Tuesday, December 1, 1998 Published at 16:26 GMT
Q & A: Tax harmonisation
Jonathan Charles, the BBC's Europe Business correspondent, has the answers.
Why would anybody want to harmonise taxes?
There is a feeling amongst many European Union governments that the start of the European single currency in January will require a greater co-ordination of economic policy. They believe that if Europe is to be run as a single economy, then governments have to agree certain minimum levels of tax to ensure a level playing field, and similar economic conditions, in all EU countries.
Some governments are worried that if the new taxation laws are not implemented companies will transfer their business to the EU countries where taxes are lowest, leaving high unemployment in countries like Germany, where it is not unusual to pay 50% of your income in tax.
How likely is the EU to go ahead with this plan?
All EU governments - including Britain - have agreed a code of conduct on taxation. They have pledged to iron out harmful competition on tax between countries.
Its use of this code allows the European commission to put forward the plan to harmonise taxes. Commissoners also say that they have a duty to iron out inconsistencies as part of their drive to implement the single market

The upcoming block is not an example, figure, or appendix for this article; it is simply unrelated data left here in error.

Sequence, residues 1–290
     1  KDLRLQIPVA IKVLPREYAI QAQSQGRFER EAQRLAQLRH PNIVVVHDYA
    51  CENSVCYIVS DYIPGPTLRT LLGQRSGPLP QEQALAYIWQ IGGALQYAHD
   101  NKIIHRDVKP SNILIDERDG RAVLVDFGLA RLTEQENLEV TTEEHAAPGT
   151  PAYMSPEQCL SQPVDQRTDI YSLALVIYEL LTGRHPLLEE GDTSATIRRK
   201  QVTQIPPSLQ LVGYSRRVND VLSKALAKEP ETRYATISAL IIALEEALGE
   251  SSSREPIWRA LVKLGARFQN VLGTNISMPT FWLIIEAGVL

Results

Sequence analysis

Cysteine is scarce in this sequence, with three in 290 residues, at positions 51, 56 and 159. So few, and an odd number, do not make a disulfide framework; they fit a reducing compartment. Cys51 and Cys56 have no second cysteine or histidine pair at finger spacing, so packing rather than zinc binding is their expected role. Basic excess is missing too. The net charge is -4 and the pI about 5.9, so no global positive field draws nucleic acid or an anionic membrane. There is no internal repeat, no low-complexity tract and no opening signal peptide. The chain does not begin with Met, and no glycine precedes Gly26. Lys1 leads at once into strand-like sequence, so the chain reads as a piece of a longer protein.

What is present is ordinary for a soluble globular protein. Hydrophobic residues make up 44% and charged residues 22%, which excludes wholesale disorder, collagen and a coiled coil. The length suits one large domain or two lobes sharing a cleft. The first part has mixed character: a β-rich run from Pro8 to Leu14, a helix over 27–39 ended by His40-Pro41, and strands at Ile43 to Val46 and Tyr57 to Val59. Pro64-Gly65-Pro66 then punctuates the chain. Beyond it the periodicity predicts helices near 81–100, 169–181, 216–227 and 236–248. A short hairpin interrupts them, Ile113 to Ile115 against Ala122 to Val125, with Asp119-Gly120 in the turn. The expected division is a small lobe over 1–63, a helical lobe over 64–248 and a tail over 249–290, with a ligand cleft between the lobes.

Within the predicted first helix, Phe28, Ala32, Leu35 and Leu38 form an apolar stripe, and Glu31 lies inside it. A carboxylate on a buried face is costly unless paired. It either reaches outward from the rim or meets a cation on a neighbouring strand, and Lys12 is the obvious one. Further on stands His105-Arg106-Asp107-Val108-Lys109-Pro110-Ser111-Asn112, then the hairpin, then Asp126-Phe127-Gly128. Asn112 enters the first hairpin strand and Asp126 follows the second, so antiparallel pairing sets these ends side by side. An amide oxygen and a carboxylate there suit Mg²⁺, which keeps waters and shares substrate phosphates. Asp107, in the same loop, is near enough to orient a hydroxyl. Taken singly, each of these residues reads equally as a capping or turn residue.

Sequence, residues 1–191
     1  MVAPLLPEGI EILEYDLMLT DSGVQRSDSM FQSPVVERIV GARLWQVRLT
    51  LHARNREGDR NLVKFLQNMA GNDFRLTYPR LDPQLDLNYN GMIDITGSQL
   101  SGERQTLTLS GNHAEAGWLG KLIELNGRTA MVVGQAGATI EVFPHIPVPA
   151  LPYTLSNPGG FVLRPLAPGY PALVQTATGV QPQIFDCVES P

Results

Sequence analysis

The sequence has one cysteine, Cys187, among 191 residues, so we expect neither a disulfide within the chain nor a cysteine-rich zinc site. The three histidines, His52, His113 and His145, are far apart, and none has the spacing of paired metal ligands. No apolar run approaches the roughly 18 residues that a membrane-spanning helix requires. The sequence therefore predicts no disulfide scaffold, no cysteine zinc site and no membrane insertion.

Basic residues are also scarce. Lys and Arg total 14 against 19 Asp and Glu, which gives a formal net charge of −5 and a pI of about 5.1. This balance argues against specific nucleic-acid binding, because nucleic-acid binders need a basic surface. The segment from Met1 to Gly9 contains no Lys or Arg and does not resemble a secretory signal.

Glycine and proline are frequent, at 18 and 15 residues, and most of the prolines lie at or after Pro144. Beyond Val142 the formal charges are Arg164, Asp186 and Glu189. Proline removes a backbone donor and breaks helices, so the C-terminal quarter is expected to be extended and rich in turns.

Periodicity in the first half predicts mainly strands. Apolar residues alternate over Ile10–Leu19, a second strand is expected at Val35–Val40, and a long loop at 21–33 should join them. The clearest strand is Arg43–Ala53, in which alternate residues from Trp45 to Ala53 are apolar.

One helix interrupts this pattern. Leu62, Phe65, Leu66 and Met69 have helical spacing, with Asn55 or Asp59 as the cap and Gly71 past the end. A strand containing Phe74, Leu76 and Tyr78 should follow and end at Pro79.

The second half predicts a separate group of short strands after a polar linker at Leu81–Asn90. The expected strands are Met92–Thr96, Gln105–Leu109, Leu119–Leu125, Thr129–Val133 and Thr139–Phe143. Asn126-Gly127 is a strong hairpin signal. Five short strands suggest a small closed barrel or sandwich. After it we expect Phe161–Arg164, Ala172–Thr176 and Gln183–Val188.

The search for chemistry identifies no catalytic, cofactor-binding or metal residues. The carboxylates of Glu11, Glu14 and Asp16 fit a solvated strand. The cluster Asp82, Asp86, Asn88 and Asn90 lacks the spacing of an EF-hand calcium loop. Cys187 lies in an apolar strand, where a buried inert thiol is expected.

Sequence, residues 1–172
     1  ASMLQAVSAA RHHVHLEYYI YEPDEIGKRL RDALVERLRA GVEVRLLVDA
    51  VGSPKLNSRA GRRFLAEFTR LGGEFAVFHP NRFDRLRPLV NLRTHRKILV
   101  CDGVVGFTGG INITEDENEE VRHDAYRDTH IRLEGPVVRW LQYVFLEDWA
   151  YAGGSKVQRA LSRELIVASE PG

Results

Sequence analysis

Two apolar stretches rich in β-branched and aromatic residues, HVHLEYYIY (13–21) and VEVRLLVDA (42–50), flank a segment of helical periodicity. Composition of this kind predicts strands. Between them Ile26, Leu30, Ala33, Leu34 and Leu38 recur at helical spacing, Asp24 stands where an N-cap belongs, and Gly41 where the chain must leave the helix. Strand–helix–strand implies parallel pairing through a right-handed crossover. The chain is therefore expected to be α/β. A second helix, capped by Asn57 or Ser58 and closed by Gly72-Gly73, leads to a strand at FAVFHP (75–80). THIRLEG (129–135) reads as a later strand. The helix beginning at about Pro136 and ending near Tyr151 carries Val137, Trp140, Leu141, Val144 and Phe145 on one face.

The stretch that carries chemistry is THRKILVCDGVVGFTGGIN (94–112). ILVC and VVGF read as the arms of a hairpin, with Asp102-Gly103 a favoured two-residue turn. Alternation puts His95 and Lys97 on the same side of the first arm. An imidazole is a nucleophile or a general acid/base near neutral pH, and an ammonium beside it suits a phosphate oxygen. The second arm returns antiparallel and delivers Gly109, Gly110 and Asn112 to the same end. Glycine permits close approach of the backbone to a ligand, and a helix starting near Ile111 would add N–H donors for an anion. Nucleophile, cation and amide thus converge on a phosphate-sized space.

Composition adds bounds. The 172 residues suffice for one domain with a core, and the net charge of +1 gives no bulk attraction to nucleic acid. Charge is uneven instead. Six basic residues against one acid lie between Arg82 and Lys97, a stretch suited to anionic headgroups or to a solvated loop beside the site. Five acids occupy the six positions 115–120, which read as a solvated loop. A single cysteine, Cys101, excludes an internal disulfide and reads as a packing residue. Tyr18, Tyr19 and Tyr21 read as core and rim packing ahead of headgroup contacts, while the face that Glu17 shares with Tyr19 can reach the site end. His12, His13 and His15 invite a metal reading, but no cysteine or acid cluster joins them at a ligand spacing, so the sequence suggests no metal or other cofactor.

Which taxes could be harmonised?
At the moment there is a proposal for a minimum level of tax on savings and investments. The commission is also proposing a minimum energy tax, and a minimum tax on artists and other royalties.
Why are countries like France and Germany pressing so strongly for the same levels of taxation?
France and Germany are worried that if they have different levels of taxation then jobs will move to countries where the best deal is offered. As neighbouring countries they believe it makes sense to co-operate.
Taxes can go up as well as down. How are they likely to be harmonised?
There are differing views. Some critics say it will inevitably lead to counties with lower taxes having to raise levels to those in force in countries with a higher tax rate. Others, however, say that competition for jobs and the need to make the economy more competitive will lead to rates being harmonised at lower levels.
At the moment the EU is proposing minimum tax levels, but no maximum tax rates.
How easy will it be for a country to opt out of harmonisation?
For tax harmonisation to come into force, all countries will have to vote in favour. So if for example Britain or Luxembourg do not want to have a EU-wide minimum tax on savings and investment, they can stop the tax from going ahead by vetoing the proposal. But once a harmonisation plan is agreed by all 15 member state, there is no chance to opt out anymore.